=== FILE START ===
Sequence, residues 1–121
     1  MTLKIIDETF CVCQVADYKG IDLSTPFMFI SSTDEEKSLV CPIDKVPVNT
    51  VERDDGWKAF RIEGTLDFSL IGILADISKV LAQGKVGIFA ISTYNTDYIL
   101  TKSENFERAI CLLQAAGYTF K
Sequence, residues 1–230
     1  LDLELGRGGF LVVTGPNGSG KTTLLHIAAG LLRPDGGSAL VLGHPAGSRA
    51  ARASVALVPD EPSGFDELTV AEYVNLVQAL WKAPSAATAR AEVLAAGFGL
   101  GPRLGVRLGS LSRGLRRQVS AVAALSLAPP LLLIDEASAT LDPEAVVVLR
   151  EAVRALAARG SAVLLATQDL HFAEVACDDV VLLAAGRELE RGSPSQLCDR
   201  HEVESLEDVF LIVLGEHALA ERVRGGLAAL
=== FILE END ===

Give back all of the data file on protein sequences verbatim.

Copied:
Sequence, residues 1–121
     1  MTLKIIDETF CVCQVADYKG IDLSTPFMFI SSTDEEKSLV CPIDKVPVNT
    51  VERDDGWKAF RIEGTLDFSL IGILADISKV LAQGKVGIFA ISTYNTDYIL
   101  TKSENFERAI CLLQAAGYTF K
Sequence, residues 1–230
     1  LDLELGRGGF LVVTGPNGSG KTTLLHIAAG LLRPDGGSAL VLGHPAGSRA
    51  ARASVALVPD EPSGFDELTV AEYVNLVQAL WKAPSAATAR AEVLAAGFGL
   101  GPRLGVRLGS LSRGLRRQVS AVAALSLAPP LLLIDEASAT LDPEAVVVLR
   151  EAVRALAARG SAVLLATQDL HFAEVACDDV VLLAAGRELE RGSPSQLCDR
   201  HEVESLEDVF LIVLGEHALA ERVRGGLAAL